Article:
Sanam Roohi gives a working paper on ‚Telugu associations in the US: Caste differentiation and diasporic politics in a transregionally connected social field‘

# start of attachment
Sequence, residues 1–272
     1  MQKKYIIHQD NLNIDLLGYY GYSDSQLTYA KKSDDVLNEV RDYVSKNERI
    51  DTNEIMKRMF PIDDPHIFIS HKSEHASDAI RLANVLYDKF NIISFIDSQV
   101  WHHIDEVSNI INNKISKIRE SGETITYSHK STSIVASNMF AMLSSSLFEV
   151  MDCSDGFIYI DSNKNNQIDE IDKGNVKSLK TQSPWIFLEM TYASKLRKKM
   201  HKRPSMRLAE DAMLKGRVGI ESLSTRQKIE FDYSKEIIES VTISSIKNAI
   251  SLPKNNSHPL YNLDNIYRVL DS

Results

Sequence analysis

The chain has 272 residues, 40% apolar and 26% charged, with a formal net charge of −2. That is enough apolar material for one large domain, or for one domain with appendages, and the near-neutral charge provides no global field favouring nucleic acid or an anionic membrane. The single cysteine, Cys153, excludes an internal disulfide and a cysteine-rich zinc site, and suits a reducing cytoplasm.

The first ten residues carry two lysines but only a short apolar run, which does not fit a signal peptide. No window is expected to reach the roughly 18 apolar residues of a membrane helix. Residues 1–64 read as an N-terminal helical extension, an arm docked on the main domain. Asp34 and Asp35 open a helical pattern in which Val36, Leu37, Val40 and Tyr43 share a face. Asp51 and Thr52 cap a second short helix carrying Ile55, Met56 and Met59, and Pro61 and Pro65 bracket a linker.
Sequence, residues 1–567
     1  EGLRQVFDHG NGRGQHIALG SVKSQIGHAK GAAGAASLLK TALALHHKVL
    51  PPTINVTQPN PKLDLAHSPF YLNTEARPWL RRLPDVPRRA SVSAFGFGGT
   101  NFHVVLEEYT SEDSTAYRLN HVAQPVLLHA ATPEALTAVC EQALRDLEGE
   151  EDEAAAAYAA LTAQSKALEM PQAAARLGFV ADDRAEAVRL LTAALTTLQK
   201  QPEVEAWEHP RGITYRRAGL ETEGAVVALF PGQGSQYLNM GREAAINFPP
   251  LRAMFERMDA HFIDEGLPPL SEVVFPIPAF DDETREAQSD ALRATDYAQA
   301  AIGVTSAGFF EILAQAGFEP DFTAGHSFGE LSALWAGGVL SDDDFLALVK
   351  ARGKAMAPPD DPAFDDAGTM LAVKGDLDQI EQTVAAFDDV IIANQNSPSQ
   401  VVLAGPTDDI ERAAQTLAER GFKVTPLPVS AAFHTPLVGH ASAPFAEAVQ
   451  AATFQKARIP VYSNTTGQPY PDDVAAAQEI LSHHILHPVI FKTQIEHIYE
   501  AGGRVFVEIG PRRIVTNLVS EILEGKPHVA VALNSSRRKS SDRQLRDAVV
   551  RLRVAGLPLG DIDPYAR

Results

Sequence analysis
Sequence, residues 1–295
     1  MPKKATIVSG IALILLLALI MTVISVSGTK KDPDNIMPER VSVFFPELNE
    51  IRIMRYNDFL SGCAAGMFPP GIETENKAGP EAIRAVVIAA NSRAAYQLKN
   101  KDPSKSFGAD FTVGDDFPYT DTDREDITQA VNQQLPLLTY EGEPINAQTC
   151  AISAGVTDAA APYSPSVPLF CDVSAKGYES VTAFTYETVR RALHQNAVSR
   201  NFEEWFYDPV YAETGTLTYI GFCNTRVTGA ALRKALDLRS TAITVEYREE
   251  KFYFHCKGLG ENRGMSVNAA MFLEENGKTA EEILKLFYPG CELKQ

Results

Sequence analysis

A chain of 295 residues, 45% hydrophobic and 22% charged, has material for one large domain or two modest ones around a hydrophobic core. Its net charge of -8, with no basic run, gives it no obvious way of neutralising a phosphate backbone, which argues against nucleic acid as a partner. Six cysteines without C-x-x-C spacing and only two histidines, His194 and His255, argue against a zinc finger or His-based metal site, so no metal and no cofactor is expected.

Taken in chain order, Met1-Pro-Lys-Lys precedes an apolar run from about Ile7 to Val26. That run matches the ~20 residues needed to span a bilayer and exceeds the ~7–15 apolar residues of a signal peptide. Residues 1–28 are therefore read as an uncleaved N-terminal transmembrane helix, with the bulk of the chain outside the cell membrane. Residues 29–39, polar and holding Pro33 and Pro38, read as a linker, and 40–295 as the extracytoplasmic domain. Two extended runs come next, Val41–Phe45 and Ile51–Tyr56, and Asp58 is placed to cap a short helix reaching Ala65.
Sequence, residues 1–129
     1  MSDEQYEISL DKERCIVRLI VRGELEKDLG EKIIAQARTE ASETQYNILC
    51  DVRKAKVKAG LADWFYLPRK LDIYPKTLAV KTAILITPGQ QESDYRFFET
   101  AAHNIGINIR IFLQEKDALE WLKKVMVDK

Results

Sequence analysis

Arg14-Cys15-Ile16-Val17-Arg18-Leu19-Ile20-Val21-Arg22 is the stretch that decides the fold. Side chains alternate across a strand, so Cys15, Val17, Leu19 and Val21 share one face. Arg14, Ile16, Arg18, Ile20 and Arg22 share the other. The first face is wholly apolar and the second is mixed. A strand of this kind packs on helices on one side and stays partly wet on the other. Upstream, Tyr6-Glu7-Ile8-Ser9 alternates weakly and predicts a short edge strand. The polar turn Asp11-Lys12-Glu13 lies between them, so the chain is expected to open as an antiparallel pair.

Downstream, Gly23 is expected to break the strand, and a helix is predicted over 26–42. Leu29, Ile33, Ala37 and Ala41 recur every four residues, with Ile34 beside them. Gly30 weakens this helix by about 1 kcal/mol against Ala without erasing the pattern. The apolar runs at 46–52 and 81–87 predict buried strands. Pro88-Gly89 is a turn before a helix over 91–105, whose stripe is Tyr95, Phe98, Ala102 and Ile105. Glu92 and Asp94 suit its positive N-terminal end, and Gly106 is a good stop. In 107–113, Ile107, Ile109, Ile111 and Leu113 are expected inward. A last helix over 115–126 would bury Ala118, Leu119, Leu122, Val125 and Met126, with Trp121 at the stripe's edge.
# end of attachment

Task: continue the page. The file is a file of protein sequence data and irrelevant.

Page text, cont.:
American Telugu associations, built as a cultural platform to unite spatially dispersed Telugu diaspora have become key political intermediaries linking the US with Andhra and Telangana’s political landscape. Although the term Telugu point to their larger linguistic basis of membership, the caste character of these associations is reflected in the way particular communities exercise control of these associations and the alignments of these associations with caste affiliated political parties in India. In this paper I argue that these diasporic Telugu organisations are performing the role of caste associations, albeit in a refashioned way: as in colonial times, they work to make caste relevant, but now in a globalising milieu. Caste associations, a product of colonial modernity and increasing urbanisation have worked for the dynamically defined ‘interests’ of the community, which changes over time. While in colonial times, caste associations worked to unite sub-jatis, achieve upward mobility in the caste hierarchy, and wrest concessions from the British government, in post-independence era, their tryst with democratic politics have been lauded by scholars. With transnational migration and a sense of disintegration of community and cultural values among migrants in the USA, I argue that it is organizations like TANA and ATA that take up the project of building caste based community cohesiveness transnationally even as they attempt to become political mediators in local politics in India. In doing so, associational politics create a transnational social field where carefully crafted and performed caste differentiation between the two major caste groups – Kammas and Reddys pan out. Whereas Reddys and Kammas often see each other as opponents or rivals, they also regard themselves as the only two legitimate caste groups who can represent Telugus both in America and in Andhra. Therefore, the associational politics in the diaspora also point to how Reddy-Kamma rivalry has subsumed the political possibilities of other caste groups within a trans-regionally connected social field.

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